Use this URL to cite or link to this record in EThOS: http://ethos.bl.uk/OrderDetails.do?uin=uk.bl.ethos.624066
Title: Electro-optic platform for free space CMOS photonics
Author: Serb, Alexantrou
Awarding Body: Imperial College London
Current Institution: Imperial College London
Date of Award: 2013
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Abstract:
Lab-on-chip (LOC) systems are becoming increasingly popular for biomedical science as they present the opportunity to combine compact and efficient microelectronics together with microfluidics enabling new applications in point-of-care diagnostics. This system integration however, poses significant challenges in the assembly of such devices for mass manufacture. Specifically, to achieve a robust fluidic isolation, an insulating material must be deposited to seal the chip and wire bonds but allow fluid to access the sensing surface. This is typically achieved by using an insulating epoxy for encapsulation but requires several processing steps in order to become planar and reliably interface with the microfluidics; a technique with many limitations. Towards addressing these challenges, this thesis proposes to develop a non-galvanic means of achieving both power transfer to the chip and bi-directional data communication such that the system requires no bond pads (or delicate bond wires). The aim is to achieve this specifically via a free space optical link (i.e. to external discrete optoelectronic devices) with the additional constraint that any structures designed on chip are implementable in a commercially available, unmodified CMOS technology. Furthermore, in order to maintain the desired benefits of a “bondpad-less” chip, the platform must utilise no off-chip components. This thesis develops the underlying devices required towards achieving the aim whilst satisfying all constraints. Specifically devices tasked with optical energy harvesting, optical data input and optical data output are tackled. The thesis begins by outlining the motivations for this research (Chapter 1) and reviewing the relevant state-of-the-art (Chapter 2) including a concise overview of alternative methods for achieving the underlying aims. The relevant theory, pertinent to electro-optical phenomena at semiconductor junctions is then developed within the context of CMOS technology (Chapter 3). More fundamental, background theory is also included in appendix A. That pertains to the propagation of light in Silicon and mechanisms of photon absorption in doped Silicon. Original contributions within the domain of theory include developing the phenomenon of free-carrier absorption (FCA) applied to a realistic, CMOS-based junction, identifying key variables, expressions and analyzing the expected level of performance. Then, for the first time, this thesis demonstrates free-space optical modulation in a standard CMOS technology. A large portion of this work (Chapter 4 - for design repository see appendix B) is thus devoted to the design, implementation and testing of prototype devices for use as data read-out elements. A variety of modulator devices featuring differing geometries, created by distinct doping procedures and implemented in different CMOS technological nodes (UMC 0.13 [mu]m, IBM 0.18 [mu]m and AMS 0.35 [mu]m) are presented, tested and compared. This allows for modulator performance to be examined in relation to key design choices made at the physical device layout and technology choice levels. This thesis then develops the common data read-in and power scavenging mechanism, along with associated circuits (Chapter 5). Once again structures designed with different geometries and created by different manufacturing processes in different technological nodes are presented, tested and compared, yielding an indication towards underlying trends. Key contributions here include extracted photodiode model parameters that express the contributions of vertical and lateral junction components to photocurrent generation, by junction 'family' and by CMOS process. This provides a powerful resource to circuit designers requiring a first estimate to phototransduction efficiency in technologies with unspecified optoelectronic devices.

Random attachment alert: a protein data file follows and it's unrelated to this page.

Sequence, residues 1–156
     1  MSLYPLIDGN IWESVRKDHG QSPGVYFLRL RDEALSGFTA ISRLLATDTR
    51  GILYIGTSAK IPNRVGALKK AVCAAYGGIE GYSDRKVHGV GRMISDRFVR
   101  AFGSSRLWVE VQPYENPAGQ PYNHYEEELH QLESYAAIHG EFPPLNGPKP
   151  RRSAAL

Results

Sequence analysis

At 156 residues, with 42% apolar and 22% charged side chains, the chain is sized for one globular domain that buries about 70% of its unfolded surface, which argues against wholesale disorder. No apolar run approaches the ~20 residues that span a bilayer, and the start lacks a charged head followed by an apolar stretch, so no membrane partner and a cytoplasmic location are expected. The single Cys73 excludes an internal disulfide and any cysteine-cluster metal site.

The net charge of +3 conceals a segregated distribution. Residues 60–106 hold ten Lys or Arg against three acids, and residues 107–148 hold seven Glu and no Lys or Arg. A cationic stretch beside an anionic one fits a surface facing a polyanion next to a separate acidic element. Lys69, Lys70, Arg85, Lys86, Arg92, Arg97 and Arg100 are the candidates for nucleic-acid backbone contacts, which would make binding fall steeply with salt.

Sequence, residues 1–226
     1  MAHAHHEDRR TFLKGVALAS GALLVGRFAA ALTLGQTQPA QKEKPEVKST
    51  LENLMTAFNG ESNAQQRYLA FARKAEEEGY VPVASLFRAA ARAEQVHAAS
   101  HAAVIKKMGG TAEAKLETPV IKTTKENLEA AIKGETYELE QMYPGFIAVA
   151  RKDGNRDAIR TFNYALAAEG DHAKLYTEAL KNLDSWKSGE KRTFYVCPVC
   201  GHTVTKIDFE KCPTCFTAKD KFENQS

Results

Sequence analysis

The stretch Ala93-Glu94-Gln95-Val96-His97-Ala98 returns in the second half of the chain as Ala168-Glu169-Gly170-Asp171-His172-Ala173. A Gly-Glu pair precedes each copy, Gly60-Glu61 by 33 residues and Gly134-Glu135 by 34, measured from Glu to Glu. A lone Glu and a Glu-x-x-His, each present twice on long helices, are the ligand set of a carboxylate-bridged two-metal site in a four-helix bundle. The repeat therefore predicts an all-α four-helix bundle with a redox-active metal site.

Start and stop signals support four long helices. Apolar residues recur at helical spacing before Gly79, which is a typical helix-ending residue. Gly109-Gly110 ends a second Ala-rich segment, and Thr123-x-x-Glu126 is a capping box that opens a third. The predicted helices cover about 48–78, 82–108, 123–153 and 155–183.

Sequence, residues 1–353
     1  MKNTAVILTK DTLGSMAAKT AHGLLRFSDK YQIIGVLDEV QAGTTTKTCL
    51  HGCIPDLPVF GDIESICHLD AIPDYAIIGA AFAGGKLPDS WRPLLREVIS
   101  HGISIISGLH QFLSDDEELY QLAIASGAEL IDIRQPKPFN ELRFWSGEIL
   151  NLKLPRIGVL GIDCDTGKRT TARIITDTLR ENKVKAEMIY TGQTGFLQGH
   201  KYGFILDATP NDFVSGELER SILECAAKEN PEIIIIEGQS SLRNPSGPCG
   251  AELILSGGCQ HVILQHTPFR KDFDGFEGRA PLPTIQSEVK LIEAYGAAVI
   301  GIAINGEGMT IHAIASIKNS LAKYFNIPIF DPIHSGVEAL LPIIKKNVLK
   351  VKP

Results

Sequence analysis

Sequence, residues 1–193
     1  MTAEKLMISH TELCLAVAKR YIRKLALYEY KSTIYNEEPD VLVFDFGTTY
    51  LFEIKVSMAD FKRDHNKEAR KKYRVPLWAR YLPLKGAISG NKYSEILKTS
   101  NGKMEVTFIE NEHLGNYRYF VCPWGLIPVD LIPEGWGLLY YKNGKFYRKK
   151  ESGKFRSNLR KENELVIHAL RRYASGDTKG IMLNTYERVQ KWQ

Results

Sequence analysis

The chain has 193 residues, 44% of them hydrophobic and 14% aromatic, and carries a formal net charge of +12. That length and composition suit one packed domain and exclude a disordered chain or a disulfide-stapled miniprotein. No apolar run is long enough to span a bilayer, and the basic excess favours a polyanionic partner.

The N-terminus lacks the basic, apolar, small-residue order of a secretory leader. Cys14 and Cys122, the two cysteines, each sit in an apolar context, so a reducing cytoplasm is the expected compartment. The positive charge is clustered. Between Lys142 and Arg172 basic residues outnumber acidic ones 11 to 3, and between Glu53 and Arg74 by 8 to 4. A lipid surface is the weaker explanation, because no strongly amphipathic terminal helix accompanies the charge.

Supervisor: Constandinou, Timothy ; Christofer, Toumazou Sponsor: Engineering and Physical Sciences Research Council
Qualification Name: Thesis (Ph.D.) Qualification Level: Doctoral
EThOS ID: uk.bl.ethos.624066  DOI: Not available
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